About Devil’s Punchbowl Falls
Devils Punchbowl Falls was certainly a waterfall that Julie and I anticipated visiting ever since we came across it during our pre-trip research. We knew it was a prime feature of Arthur’s Pass National Park, but when we saw it in person, I didn’t think we were prepared for its stunning beauty given its size and its mountainous surroundings. We managed to experience this waterfall in two different ways – from a lookout near its base and from across the valley on Scott’s Track. The latter way of experiencing the falls seemed to be the less known way since the signs directed us towards the first option, but as you can see from the photo at the top of this page, I thought it was the second option that yielded the best views and photos.
Devils Punchbowl Falls was said to be 131m tall though compared to other waterfalls we encountered (such as Wairere Falls said to be 153m tall) I wondered if this waterfall was being shortchanged or if the taller waterfalls were overestimated. Numbers aside, this waterfall was really our main reason for coming to Arthur’s Pass National Park though I understand that the Avalanche Peak hike was also a primary draw of the area. The track was even said to rival the Tongariro Crossing as the most popular day tramp in New Zealand.
As for its waterflow, it appeared that this was mostly a snowmelt-fed waterfall. Given the rainy nature of the Southern Alps, it wouldn’t surprise me if it would flow reliable year-round, but it would probably have its greatest volume during the late Spring or early Summer. We showed up in November 2004, and I’d imagine the volume of water you see on these pictures represented close to above average flow for the year.
The two ways we experienced Devils Punchbowl Falls are described below. I’ve decided to describe each method (and its specific trailhead locations) separately so we can paint a clearer picture for you about the experience and the logistics of a visit here.
The Base Of The Falls
After the bridge, we then faced a three-pronged fork in the track, where we ignored the left two forks (for the Bridal Veil and Cons Tracks, respectively) and kept right for the Mt Aicken / Devils Punchbowl Track. After briefly following Devils Punchbowl Creek, we then had to climb a moderate series of steps and slopes as we rose above the floor of the valley. After a handful of switchbacks, we then reached a junction where the Devils Punchbowl Track branched off the Mt Aicken Track to our left. After taking this spur track, we then descended towards the misty platform lookout.
It was also possible to go around the platform lookout to get a slightly different view of the falls, but we were cognizant of the rockfall and erosion hazards so we didn’t push our luck too much. In either case, the morning that we showed up happened to be at a time when the morning sun was directly against us and photographing the falls was difficult. The swirling mist also conspired to make our photo experience here even more difficult so the best we could do at the time was to produce the sub-par photos you see on this page.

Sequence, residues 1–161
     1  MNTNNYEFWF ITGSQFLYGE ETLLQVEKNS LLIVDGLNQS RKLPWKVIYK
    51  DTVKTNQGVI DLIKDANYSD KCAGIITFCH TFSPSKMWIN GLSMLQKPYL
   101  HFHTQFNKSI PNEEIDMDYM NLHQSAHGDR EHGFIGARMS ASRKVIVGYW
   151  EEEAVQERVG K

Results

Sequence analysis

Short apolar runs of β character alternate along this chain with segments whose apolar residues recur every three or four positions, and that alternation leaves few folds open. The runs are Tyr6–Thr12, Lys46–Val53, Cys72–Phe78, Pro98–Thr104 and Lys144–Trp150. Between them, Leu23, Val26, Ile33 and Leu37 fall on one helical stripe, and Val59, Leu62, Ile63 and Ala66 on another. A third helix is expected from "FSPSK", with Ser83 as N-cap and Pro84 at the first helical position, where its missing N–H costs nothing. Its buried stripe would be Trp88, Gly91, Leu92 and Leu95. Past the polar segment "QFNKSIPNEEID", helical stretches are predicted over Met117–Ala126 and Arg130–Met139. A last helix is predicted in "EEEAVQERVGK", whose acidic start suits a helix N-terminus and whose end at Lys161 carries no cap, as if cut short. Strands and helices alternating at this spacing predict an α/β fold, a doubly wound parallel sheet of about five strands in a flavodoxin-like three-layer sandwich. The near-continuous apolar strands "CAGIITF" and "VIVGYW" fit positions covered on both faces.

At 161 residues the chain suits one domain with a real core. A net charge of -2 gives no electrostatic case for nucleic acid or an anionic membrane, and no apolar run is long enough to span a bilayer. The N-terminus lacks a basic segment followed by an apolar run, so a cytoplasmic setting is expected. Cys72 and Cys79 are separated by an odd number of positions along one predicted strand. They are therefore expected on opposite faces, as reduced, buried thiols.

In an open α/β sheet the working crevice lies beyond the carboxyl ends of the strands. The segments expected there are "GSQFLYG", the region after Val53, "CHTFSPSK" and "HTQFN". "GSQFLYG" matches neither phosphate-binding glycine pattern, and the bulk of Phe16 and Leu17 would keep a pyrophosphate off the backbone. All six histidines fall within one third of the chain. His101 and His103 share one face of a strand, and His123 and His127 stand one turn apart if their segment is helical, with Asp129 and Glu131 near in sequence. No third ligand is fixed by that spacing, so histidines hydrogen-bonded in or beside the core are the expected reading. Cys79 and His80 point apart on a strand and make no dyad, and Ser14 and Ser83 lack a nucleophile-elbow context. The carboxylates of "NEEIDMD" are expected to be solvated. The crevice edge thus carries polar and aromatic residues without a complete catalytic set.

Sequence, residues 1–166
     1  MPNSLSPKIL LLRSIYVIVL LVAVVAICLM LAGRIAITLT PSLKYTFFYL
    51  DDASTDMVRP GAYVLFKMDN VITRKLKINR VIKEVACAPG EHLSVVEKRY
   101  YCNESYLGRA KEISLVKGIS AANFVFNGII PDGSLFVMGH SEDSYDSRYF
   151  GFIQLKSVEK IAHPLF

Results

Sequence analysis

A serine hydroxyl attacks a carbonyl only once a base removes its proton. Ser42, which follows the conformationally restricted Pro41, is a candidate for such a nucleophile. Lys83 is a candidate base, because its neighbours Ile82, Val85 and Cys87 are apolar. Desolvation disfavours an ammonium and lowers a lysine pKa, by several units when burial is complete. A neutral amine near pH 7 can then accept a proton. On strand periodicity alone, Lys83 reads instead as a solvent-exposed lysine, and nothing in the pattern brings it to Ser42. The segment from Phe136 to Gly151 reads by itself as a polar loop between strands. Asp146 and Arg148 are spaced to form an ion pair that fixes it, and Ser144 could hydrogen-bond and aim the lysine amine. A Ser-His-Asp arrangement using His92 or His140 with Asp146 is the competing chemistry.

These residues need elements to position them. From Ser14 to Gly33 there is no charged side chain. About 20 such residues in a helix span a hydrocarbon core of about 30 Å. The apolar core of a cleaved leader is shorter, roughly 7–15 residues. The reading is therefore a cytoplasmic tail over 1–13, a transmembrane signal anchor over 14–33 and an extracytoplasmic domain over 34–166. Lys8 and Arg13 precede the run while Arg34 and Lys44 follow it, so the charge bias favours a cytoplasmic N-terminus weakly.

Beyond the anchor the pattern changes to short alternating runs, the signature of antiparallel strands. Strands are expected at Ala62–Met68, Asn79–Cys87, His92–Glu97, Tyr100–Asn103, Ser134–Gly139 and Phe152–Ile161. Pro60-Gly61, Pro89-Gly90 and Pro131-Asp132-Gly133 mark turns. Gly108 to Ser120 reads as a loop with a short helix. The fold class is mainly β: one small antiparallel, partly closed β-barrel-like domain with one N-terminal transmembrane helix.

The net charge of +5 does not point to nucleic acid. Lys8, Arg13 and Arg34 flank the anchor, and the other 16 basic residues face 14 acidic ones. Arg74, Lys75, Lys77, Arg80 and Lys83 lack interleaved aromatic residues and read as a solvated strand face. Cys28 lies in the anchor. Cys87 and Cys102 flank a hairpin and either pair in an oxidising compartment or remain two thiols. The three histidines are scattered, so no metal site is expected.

Overall, it took us nearly an hour to make this hike round trip. When we returned to the car park, we were greeted by keas (native New Zealand mountain parrots) that seemed mischievous enough to try to rip out the weather strippings on the windshield and the wipers of our rental car!
The climb was pretty relentless as it was pretty much climbing non-stop, and with each bit of elevation gain I was getting, I could see that the views of Devils Punchbowl Falls was improving. Eventually after over 20 minutes of doing this uphill hike, I got to a point where I was able to take the kind of photos that you see at the top of this page. I certainly could have kept going to get even higher perspectives of the falls as well as get me that much closer to Avalanche Peak (which was said to be three or hour hours of rough tramping in each direction).
There was no official lookout declaring the best viewing spot as it really wasn’t needed. The views along Scott’s Track were mostly open. When I had my fill of the falls and headed back down to the valley floor, I also got to see the dramatic views of Arthur’s Pass Valley in addition to reliving the views of the waterfall once again. Overall, this informal out-and-back excursion took me around an hour.
As for getting to at least the Arthur’s Pass Village (the town from which the trailheads are located), we started from Greymouth, then drove about 15km south on the SH6 to the Kumara Junction. We turned left onto SH73 and followed this highway for about 77km into Arthur’s Pass Village. Note that we passed through the Otira Viaduct as well as the modifications to Reid Falls en route.
For further context, Arthur’s Pass Village was over 2 hours drive (146km) northwest of Christchurch.
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